In two weeks we will all wish each other a happy New Year. And many people with autism will also receive that wish. But what if we turn that wish into concrete actions that can really make a difference in the happiness of people with autism? In the last weeks before New Year I post 10 concrete actions that can make 2022 a happy/happier year for autistic people. No super big, impressive, world changing actions, but little things that can make a difference. Small interventions, based on theory and research, that can easily be applied and that can make life in 2022 a (more) H.A.P.P.Y. life for someone (or more people) on the autism spectrum. Make your New Year’s Resolutions for an autism-friendly 2022 concrete and join me in 10 easy to do autism friendly well-being actions. And remember: no act of kindness, no matter how small, is ever wasted.
Tip #5: A daily laughter
A day without laughter is a day wasted.Charlie Chaplin
Humor is an powerful antidote to stress. A good laugh has great short term effects on our body: it activates and suppresses the stress response, resulting in a decreased heart rate and blood pressure. Laughing also increases the feel-good chemicals in our brain, known as endorphins. And it aids muscle relaxation. On the long term, laughter improves our immune system , makings us stronger in our fight against stress. A good laugh can also help lessen depression and anxiety. So, laughter is indispensable on the feel-good menu.
One of the many misunderstandings about autism is that autistic people lack a sense of humor. Obviously, because of their different information processing style, the things that make them laugh might be a bit different. Depending on their cognitive abilities, some forms of humor might be a too difficult or too abstract. Find out what makes the autistic person laugh, giggle, smile or guffaw. Some appreciate word play, written jokes and funny sayings and even cartoons that express literal understanding of words, like the ones I made for the Autitude magazine of Scottish Autism.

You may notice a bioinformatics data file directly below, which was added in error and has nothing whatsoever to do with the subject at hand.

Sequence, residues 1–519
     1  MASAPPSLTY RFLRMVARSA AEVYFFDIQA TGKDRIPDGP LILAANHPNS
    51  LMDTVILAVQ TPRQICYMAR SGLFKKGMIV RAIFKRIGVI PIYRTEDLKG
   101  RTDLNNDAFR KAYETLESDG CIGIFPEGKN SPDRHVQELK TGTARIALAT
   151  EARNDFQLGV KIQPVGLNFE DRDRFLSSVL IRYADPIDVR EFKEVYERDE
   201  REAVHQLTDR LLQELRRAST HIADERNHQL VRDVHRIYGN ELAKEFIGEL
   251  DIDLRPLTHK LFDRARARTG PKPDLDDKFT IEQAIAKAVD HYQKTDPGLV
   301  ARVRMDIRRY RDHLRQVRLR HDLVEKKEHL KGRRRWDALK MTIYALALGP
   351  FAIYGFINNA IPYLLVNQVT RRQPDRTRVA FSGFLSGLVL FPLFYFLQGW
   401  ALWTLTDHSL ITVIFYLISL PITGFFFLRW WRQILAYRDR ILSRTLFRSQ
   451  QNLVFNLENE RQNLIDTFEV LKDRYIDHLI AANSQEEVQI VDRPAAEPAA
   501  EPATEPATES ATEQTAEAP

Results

For other people on the autism spectrum, it is more concrete and visual things that make them laugh, like comic strips, funny drawings, slapstick (yes, Charlie Chaplin, but also Mr. Bean).
Collect these tidbits of humour and put them in a box or basket and invite the autistic person to pick one of them every day. Some autistic people enjoy seeing other people laugh, so invite visitors, friends, relatives to pick an item from the box or basket as well.
And dare to do silly things. It is my experience that many autistic people, especially young children and the autistic people with additional learning difficulties, enjoy it when people dress up, wear a silly hat, put on Groucho glasses or a rubber nose. And there’s even more fun when you do some funny dances, like the chicken dance (or for those in The Netherlands and Flanders: the Kabouter Plop dance). One big laugh a day can really make a difference.